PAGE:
“It seems anomalous that in our system of justice, the access to wealth is what often determines whether a defendant is freed or must stay in jail,” Circuit Judge Michael Chagares wrote. “Further, those unable to pay who remain in jail may not have the ‘luxury’ of awaiting a trial on the merits of their charges; they are often forced to accept a plea deal to leave the jail environment and be freed.”

Lives scarred, livelihoods lost

In some local cases where people have been held on charges that were eventually dismissed, the consequences were costly to taxpayers.

Last year, state police paid $150,000 to Wilfredo Ramos of Brooklyn, N.Y., to settle his federal lawsuit alleging he was wrongly held in Lehigh County Jail on charges of driving under the influence of drugs. Ramos’ $10,000 bail kept him in jail for five months while state police tested his blood for drugs three times. Ultimately, the charges were dismissed because there was no evidence.

While imprisoned, Ramos lost his job and his apartment. His vehicle, unclaimed from an impound lot, was sold at auction, his suit claimed.

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We know that when you have a system that depends on money, then the only thing you know about the people who are in jail is that they’re poor.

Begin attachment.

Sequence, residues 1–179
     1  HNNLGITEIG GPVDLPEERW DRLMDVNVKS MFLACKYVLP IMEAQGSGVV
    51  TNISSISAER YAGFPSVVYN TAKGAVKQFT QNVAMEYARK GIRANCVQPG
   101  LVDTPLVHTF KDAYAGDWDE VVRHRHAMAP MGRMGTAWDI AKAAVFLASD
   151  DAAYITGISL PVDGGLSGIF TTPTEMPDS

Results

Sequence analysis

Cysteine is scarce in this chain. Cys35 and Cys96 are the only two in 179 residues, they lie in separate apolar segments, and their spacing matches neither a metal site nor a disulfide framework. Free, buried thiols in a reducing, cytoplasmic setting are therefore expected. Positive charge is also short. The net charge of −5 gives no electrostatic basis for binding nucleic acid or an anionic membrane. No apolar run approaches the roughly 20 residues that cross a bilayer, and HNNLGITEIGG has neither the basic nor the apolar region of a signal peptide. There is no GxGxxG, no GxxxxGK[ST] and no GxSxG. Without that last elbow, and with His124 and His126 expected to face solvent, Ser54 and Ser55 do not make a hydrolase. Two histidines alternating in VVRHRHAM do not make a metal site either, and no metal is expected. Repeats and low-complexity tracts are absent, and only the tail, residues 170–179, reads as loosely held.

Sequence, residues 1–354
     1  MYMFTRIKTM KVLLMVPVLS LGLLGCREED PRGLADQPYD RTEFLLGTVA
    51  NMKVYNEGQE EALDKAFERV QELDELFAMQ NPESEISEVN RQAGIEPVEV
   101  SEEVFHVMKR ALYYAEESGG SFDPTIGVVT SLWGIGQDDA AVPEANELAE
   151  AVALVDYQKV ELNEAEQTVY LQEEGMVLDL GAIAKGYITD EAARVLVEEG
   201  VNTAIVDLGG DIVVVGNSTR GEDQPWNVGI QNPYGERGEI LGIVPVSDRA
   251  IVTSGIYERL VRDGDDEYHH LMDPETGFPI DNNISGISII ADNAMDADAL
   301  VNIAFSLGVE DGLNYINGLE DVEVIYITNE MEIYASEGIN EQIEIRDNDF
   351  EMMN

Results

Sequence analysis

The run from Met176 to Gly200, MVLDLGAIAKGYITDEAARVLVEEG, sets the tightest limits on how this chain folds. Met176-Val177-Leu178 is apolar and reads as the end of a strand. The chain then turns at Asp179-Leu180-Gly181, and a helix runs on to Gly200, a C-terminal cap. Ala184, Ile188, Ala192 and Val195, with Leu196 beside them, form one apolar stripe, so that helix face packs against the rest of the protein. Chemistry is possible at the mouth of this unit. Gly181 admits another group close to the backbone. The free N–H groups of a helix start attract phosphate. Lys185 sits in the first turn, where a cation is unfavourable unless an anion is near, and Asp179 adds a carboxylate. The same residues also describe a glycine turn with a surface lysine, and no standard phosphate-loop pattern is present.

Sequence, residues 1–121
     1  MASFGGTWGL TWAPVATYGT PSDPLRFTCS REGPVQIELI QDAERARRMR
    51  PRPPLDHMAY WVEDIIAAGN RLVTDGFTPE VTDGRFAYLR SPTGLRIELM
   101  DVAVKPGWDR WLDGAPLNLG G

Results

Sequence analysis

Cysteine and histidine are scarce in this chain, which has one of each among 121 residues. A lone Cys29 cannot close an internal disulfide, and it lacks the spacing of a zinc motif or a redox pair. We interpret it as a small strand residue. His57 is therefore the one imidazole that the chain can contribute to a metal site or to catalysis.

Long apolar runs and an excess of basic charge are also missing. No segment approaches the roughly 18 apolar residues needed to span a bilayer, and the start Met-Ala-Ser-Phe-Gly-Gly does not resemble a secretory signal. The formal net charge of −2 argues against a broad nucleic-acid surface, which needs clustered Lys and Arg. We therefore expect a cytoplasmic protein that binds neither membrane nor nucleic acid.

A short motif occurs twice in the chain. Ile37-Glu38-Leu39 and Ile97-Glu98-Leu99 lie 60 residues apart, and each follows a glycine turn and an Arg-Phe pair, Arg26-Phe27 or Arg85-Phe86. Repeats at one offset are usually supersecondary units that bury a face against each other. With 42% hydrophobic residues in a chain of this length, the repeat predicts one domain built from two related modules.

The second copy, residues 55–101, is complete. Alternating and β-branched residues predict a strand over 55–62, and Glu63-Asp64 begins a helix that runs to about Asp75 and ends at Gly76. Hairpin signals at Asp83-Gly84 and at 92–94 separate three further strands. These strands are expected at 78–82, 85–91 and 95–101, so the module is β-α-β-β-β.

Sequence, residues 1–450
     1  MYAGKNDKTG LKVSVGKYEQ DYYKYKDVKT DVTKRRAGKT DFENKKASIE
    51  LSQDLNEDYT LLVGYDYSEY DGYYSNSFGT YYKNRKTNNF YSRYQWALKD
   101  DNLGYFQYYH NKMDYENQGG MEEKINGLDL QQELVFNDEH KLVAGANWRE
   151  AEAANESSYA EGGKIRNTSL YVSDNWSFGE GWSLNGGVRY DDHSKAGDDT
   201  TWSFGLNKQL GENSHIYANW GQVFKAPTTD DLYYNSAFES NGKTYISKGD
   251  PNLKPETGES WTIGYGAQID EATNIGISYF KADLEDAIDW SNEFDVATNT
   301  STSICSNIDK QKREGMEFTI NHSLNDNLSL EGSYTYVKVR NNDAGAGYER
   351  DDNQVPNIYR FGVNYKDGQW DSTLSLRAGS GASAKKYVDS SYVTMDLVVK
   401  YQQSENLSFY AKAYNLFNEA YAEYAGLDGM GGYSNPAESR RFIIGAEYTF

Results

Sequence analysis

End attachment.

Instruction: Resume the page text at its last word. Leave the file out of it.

— Nancy Fishman, project director at the Vera Institute of Justice

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A 2015 federal lawsuit made similar claims on behalf of Alexander Bernstein, a New York man jailed in Lehigh County for nearly a month under $25,000 bail on drug charges after a stop on Interstate 78.

Troopers alleged they found cocaine in the car’s trunk, but later lab tests concluded it was only homemade soap. Bernstein settled his claims against state police for $195,000 last year. During his imprisonment, Bernstein also lost his job, apartment and belongings, his lawsuit claimed.

Nationwide, more than 60 percent of jail inmates are being held because they lack bail, according to the federal Bureau of Justice Statistics. That’s roughly 459,000 people.

Northampton County’s new approach hopes to reduce its jail population by 10 to 20 percent, said Baratta, the judge. That represents 60 to 120 prisoners, he said, at an estimated daily cost of about $110 a day each.

Baratta said judges still will be tough on serious felonies, and will treat them as they always have, with typical monetary bails. The focus is on cases involving relatively minor charges that would likely lead to probation or a short stint in jail if they end in conviction, he said.

The goal is to avoid imprisoning those defendants before trial altogether — even if for only for a few days as they arrange money for bail — while keeping them under the county’s supervision and getting them referred to drug or mental-health treatment if needed.